Businesses do this by opposing government policies that would create jobs. It is very easy because there are always many people who believe that all government spending is wasteful; that reducing the deficit, which always rises in recessions, should take precedence; that it’s immoral and improper for government to interfere with the “free market” in any way whatsoever; because it will be inflationary and many other expedient reasons.
We have seen since the beginning of the recession under George W. Bush in December 2007 that the business community, through its corporate spokesmen, trade groups such as the U.S. Chamber of Commerce, and allied conservative groups have lobbied heavily against any stimulus spending, government job creation or monetary expansion by the Federal Reserve. When such measures could not be stopped, the business community lobbied to end them as soon as possible, opposed any extension, and used the deficit to permanently cut benefits for poor people wherever possible. For example, the new farm bill slashes food stamps to pay for continued subsidies to politically conservative farmers.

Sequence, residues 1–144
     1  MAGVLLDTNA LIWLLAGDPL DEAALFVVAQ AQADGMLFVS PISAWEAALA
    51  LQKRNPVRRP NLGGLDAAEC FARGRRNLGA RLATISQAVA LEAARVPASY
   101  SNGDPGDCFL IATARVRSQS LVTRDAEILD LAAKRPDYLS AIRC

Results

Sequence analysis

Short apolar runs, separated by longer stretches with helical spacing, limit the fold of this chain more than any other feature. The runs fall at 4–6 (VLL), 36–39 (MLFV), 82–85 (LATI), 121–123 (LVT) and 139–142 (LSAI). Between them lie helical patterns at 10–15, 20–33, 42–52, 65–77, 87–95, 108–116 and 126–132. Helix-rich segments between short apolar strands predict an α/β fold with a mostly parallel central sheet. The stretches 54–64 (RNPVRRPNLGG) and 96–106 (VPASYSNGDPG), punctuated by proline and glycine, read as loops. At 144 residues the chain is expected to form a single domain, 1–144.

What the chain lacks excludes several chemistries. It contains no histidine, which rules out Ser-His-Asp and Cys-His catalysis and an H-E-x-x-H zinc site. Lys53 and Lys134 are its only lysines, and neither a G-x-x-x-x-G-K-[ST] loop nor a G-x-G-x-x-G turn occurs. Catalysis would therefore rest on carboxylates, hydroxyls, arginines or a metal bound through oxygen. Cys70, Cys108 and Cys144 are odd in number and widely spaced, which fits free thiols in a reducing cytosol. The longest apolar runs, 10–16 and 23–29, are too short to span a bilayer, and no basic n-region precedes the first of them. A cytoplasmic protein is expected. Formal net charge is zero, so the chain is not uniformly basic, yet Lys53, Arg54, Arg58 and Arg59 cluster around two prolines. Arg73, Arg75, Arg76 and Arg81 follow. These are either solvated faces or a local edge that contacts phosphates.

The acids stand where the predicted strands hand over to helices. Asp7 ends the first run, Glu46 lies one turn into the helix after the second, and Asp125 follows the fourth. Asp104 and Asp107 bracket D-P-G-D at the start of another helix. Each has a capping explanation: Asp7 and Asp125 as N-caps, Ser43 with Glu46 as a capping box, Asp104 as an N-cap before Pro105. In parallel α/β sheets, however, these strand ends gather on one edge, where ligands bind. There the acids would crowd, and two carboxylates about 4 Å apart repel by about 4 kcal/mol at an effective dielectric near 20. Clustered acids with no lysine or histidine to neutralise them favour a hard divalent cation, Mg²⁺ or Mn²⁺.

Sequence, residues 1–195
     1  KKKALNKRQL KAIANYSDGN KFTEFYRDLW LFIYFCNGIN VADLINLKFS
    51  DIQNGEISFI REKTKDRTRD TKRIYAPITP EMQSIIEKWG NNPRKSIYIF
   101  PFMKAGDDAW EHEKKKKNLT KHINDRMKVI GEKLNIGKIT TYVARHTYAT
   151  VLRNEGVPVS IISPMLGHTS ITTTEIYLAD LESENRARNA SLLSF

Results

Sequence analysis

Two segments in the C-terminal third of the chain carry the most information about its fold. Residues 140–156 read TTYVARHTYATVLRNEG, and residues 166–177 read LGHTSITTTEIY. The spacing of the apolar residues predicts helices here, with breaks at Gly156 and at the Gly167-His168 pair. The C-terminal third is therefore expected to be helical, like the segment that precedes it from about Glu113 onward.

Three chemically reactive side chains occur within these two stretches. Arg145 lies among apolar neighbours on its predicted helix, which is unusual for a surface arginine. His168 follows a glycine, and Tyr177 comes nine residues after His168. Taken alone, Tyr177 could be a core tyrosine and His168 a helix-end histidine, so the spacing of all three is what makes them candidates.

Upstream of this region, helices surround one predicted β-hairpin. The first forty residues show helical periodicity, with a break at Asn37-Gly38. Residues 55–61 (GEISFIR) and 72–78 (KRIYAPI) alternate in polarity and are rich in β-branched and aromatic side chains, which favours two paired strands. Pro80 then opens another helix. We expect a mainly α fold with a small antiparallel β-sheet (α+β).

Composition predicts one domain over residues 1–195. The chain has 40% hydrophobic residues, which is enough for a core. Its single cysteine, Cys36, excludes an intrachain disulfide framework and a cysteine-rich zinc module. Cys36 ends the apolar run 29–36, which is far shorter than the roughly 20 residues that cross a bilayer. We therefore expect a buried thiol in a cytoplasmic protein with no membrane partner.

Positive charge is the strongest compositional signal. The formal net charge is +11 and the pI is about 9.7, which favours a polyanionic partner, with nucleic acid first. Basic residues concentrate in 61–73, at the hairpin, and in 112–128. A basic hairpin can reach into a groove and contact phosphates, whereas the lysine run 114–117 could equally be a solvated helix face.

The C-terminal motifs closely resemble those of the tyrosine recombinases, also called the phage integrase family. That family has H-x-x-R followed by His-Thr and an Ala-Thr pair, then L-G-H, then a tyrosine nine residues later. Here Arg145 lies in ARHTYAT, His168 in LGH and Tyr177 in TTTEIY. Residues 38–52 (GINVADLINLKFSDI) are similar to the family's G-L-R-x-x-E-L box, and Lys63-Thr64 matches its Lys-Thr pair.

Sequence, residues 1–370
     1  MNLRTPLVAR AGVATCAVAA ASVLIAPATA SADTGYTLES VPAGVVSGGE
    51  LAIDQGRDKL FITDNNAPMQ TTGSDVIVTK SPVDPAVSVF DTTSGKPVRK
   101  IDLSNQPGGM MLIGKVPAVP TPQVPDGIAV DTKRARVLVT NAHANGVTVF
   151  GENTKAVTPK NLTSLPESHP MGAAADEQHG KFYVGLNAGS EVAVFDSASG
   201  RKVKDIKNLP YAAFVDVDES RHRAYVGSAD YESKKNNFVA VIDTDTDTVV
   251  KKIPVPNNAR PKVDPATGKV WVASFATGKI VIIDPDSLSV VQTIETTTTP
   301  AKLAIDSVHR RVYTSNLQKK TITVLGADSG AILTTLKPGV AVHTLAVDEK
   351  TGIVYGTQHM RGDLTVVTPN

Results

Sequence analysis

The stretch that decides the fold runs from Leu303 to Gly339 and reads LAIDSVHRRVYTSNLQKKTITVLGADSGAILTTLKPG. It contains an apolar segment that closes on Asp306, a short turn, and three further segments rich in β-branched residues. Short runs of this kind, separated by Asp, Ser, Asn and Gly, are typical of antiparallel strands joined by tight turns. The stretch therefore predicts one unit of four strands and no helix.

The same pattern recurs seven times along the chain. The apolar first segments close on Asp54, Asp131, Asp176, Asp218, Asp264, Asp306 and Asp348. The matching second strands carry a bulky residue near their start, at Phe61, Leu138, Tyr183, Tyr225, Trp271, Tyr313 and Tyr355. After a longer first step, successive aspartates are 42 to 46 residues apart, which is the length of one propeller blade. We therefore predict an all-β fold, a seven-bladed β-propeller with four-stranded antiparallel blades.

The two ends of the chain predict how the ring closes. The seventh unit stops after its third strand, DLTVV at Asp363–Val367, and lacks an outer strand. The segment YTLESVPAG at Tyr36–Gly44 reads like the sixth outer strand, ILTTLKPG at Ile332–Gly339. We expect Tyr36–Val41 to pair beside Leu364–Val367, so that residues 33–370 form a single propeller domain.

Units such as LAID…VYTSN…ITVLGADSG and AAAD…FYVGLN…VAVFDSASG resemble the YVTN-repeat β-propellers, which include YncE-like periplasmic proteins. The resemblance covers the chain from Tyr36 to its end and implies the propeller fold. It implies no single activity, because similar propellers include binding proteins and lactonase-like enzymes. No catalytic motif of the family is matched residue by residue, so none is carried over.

Lower benefits for the poor and cuts in unemployment compensation aid businesses because it prevents workers from holding out for better jobs at higher wages and forces them, from necessity, to take whatever they can get, often at the minimum wage. Of course, conservatives also oppose an increase in the minimum wage.
Back in 1943, the economist Michal Kalecki identified this phenomenon – that conservatives always use economic slumps to permanently disable labor and cut government spending. As he wrote